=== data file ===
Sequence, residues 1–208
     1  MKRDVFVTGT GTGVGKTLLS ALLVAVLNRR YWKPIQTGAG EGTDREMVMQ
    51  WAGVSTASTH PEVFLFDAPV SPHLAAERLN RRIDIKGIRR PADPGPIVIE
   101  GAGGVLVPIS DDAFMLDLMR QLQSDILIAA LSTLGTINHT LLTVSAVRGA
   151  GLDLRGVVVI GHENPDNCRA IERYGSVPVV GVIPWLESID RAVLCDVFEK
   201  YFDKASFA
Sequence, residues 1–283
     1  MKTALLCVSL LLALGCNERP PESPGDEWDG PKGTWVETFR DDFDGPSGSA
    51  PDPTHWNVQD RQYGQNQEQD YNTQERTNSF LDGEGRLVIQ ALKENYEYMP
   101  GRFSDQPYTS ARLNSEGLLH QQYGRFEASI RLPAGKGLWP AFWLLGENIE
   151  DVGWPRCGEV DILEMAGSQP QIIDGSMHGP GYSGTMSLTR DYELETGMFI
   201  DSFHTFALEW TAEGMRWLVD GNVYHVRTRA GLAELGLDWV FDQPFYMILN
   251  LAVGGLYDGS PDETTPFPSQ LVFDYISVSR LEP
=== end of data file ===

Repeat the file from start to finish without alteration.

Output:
Sequence, residues 1–208
     1  MKRDVFVTGT GTGVGKTLLS ALLVAVLNRR YWKPIQTGAG EGTDREMVMQ
    51  WAGVSTASTH PEVFLFDAPV SPHLAAERLN RRIDIKGIRR PADPGPIVIE
   101  GAGGVLVPIS DDAFMLDLMR QLQSDILIAA LSTLGTINHT LLTVSAVRGA
   151  GLDLRGVVVI GHENPDNCRA IERYGSVPVV GVIPWLESID RAVLCDVFEK
   201  YFDKASFA
Sequence, residues 1–283
     1  MKTALLCVSL LLALGCNERP PESPGDEWDG PKGTWVETFR DDFDGPSGSA
    51  PDPTHWNVQD RQYGQNQEQD YNTQERTNSF LDGEGRLVIQ ALKENYEYMP
   101  GRFSDQPYTS ARLNSEGLLH QQYGRFEASI RLPAGKGLWP AFWLLGENIE
   151  DVGWPRCGEV DILEMAGSQP QIIDGSMHGP GYSGTMSLTR DYELETGMFI
   201  DSFHTFALEW TAEGMRWLVD GNVYHVRTRA GLAELGLDWV FDQPFYMILN
   251  LAVGGLYDGS PDETTPFPSQ LVFDYISVSR LEP